There’s the basement. Now it is a concert and conference hall, but when the building was first built it was used to keep carriages and horses, and later on as the car park area. Actually, it is considered to be one of the first car parks located inside an apartment building in Spain. Just imagine how modern and revolutionary this idea of Gaudí’s was back in that time!
Another special spot is the interior façade. It always remains hidden for the visitors, but once you discover it, it enchants you. It looks like it’s vibrating because of its waves. And then there is an arch on the roof that frames Sagrada Familia. It is interesting how from one of Gaudí’s masterpieces you have a window to another one. It is believed that Gaudí made that archway intentionally to keep an eye on Sagrada Familia during the building process.
There’s a social purpose in a lot of Gaudí’s work, how does Casa Milà reflect this aspect of Gaudí’s work?
Gaudí always used to adapt his designs to the needs of his clients. In the case of La Pedrera, he filled the space with a lot of light and provided ventilation for the entire building through creating two huge inner courtyards. All the rooms of the building are perfectly lit and well ventilated. The apartments can be accessed using the spacious original lifts and service staircases. The layout of the house is flexible as the building has no load bearing walls, but load bearing columns. This means that the walls simply separate the space inside and can easily be knocked and built differently without compromising the entire building. The tenants can customize their space to create as many rooms as they need or want to have. All the apartments have a different structure, which is surprising for an apartment block.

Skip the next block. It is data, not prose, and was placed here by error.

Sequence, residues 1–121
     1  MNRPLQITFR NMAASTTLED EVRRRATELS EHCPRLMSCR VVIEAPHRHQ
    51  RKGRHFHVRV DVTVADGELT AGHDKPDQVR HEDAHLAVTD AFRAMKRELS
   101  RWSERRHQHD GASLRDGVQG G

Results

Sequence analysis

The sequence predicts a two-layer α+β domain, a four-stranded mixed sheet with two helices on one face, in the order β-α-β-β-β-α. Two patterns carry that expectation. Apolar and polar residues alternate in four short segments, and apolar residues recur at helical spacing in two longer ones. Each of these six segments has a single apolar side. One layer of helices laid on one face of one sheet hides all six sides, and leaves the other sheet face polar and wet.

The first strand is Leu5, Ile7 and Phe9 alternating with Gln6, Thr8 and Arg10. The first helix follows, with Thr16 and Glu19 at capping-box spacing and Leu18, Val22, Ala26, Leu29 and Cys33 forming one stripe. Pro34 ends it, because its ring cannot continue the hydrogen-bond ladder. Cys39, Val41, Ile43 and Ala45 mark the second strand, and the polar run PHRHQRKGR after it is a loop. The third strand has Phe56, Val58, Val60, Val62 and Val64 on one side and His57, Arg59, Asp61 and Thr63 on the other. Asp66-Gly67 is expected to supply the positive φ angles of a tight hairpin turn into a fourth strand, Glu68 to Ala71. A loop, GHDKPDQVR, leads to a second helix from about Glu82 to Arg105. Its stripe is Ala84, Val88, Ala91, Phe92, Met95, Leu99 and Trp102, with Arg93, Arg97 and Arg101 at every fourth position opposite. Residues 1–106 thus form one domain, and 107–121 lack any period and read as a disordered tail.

What other Gaudí masterpieces are a must-visit when people come to Barcelona?
Sagrada Familia, of course. It is considered Gaudi’s ultimate masterpiece and his greatest creation. It is the last basilica in Europa under construction, and it is unique. Through this building you can see the entire evolution of Gaudí’s architecture and his way of thinking, as it was his lifelong project. But there are other works to see if you want to discover a different Gaudí, like Palau Güell with its more medieval aesthetic or La Casa Vicens, inspired by Arabic art, or Casa Batlló, just five minutes away from Casa Milà. There are so many Gaudí masterpieces to discover!
Planning a visit to Casa Milà? Here’s what you need to know:
Getting to Casa Milà
Just a 20-minute walk away from Sagrada Familia, Casa Milà is located in the heart of Barcelona. The closest metro stops are Diagonal and Passeig de Gràcia.
Address: Passeig de Gràcia, 92, 08008 Barcelona
Casa Milà opening hours
By day: 09:00 – 20:30 (last entry: 20:00)
By night: 21:00 – 23:00
Tickets for Casa Milà
You can visit Casa Milà for just €12,00.